Brard to Marlux

French rider Florent Brard (27) has signed a contract with the Marlux-Wincor Nixdorf team, and will probably debut in his new team colours in the French championships. Brard rode for Credit Agricole last year, but tested positive to corticosteroids and was suspended until June 15 this year. In 2001 he won the French time trial championships.

Vandenbroucke to concentrate on second half of season

Suffering from the same lung infection that knocked Johan Museeuw around in spring, Quick.Step's Frank Vandenbroucke has decided to forfeit the Tour de Suisse and the Tour de France. Although the Tour was never a big part of VDB's plans this year, his illness confirmed that he wouldn't be riding it. However, Vandenbroucke said that his infection has all but disappeared, and he intends on riding the National Championships on June 29.

"Before the National Championships, I will do Brussels-Ingooigem as well as a kermesse, in order to arrive at the start of the course tricolore with the condition that will allow me to play with the big boys," he told La Derniere Heure.

In July, VDB will do the Uniqa Classic in Austria, then head off for ten days training in Livigno and St Moritz. This will be followed by Tour de la Région Wallonne in late July, then the August World Cup races. "Hamburg, St Sébastien and Zurich are the races where I will aim to improve my current position (7th) on the World Cup classification," he said.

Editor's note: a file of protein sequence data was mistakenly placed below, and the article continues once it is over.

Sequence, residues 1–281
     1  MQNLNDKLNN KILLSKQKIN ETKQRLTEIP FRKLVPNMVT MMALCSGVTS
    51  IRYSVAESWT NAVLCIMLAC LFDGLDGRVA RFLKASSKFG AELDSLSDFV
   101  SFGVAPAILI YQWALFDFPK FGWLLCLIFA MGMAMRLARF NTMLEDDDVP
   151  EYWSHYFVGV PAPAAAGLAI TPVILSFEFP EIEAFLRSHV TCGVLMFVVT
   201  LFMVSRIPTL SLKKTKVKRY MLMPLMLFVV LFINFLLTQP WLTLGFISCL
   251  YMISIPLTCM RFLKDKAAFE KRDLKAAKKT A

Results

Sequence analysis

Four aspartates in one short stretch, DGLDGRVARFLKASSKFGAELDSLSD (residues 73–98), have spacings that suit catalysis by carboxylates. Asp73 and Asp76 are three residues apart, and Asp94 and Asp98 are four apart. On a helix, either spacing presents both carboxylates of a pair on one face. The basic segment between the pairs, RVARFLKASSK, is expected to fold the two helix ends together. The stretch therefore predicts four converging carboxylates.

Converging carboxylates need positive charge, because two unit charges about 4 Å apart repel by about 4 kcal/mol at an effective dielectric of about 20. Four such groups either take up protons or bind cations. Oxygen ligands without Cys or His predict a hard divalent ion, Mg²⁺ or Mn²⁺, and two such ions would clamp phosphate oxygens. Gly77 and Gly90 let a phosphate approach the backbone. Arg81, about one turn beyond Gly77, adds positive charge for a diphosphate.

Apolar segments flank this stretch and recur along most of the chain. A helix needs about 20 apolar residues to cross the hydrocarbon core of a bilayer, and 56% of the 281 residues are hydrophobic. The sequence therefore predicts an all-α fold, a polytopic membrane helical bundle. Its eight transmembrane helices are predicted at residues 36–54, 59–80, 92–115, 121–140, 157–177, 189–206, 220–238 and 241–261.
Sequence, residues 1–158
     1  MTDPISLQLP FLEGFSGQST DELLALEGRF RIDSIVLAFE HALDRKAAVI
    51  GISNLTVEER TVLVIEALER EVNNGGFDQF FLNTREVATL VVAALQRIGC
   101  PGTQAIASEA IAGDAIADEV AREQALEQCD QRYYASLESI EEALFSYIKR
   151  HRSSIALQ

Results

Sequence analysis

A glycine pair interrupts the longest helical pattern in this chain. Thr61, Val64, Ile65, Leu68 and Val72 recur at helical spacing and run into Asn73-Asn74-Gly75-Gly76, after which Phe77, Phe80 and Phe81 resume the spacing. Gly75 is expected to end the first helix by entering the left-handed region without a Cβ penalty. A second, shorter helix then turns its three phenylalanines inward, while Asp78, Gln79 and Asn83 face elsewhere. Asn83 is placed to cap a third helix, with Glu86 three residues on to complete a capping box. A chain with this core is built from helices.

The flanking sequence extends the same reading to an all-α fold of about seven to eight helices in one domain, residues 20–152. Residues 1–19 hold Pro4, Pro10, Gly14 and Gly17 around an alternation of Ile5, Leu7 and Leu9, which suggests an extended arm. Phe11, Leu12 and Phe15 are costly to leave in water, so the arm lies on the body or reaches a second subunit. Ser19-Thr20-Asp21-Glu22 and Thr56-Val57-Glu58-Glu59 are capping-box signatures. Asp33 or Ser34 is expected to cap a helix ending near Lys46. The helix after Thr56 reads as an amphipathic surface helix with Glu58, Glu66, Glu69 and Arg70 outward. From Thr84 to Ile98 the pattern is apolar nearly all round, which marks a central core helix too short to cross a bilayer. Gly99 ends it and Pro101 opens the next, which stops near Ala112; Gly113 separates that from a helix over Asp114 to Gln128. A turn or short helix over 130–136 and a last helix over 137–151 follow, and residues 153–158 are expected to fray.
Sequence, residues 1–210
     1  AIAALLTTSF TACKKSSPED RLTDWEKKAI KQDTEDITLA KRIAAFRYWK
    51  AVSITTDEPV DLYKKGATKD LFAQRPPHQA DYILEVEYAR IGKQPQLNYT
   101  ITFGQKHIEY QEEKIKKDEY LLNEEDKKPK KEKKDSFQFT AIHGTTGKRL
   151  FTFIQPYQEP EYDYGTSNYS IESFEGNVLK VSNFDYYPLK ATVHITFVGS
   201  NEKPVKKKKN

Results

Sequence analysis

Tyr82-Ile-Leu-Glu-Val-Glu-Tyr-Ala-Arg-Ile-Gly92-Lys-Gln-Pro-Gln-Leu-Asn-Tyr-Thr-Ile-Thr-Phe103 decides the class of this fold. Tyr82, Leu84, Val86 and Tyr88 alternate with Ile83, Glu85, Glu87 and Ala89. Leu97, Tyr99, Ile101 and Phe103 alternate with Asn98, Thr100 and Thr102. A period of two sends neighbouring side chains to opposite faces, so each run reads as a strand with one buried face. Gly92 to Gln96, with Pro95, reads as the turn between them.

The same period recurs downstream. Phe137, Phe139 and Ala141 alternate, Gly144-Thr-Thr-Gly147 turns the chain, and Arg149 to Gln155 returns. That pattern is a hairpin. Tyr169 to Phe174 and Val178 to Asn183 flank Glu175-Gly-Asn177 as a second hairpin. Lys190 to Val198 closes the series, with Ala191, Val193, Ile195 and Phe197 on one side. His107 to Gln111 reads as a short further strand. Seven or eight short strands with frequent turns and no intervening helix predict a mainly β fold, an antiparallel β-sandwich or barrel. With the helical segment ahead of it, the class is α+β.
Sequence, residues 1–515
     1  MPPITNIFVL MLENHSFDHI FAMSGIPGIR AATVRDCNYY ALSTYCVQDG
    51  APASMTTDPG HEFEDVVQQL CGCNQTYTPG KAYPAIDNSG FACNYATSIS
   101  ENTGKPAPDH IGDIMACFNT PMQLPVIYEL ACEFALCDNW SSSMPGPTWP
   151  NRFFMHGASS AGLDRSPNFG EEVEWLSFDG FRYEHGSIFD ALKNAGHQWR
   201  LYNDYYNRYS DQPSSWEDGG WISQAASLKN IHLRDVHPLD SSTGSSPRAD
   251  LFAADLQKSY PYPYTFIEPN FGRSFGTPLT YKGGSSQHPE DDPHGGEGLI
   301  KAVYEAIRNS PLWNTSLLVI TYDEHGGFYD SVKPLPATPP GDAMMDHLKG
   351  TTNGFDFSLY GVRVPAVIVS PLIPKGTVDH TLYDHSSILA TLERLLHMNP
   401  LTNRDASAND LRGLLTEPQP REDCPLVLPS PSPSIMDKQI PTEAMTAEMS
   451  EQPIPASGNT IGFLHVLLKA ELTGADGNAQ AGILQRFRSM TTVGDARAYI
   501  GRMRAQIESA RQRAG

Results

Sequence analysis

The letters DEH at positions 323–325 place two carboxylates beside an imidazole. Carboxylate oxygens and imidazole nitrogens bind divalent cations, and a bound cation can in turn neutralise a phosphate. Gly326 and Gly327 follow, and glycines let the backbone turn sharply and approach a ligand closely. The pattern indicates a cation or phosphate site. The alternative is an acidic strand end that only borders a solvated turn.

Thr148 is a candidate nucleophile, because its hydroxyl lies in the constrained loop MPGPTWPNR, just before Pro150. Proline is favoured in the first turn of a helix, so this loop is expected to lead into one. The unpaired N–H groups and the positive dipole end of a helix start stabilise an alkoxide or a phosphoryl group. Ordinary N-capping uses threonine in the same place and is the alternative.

Finally, Vandenbroucke will ride the Vuelta España in preparation for the World's in October.

Swiss visit Hamilton

Jean-Claude Leclercq, Technical National Director and Professional Riders Coach for the Swiss Cycling Federation visited Hamilton for a site inspection of the 2003 Road World Championships last week. Earlier that week Leclercq was in Montreal for the Women's World Cup Race and The Greater Montreal Tour.

Switzerland joins representatives from Belgium, France, Germany, Great Britain, Italy, Norway, Spain, Sweden and the USA that have already performed site inspections in Hamilton.

Leclercq offered his impressions on the course in Hamilton for the Road World Championships, "It is a very difficult course, especially with the two climbs. The course ranks with those for the Classics. There are a lot of possibilities for the riders to make the break - on Fennell Avenue in the flat area, also on the climbs, the downhillers will excel on the descent, it's pretty dangerous everywhere. It will take a very complete rider to win on this course, but cycling is a team sport and it will take the whole team to try to control the race."

The Road World Cycling Championships will be staged in Hamilton, Ontario, Canada from October 6 to 12, 2003.

Kannemeyer and co. looking for warm Welkom

Defending champion Tiaan Kannemeyer and his Barloworld teammates can expect to be a part of a speedy bunch onslaught when the 231 km Elite Men's Road Race of the South African Road Championships take place at the Phakisa Freeway, near Welkom on Sunday.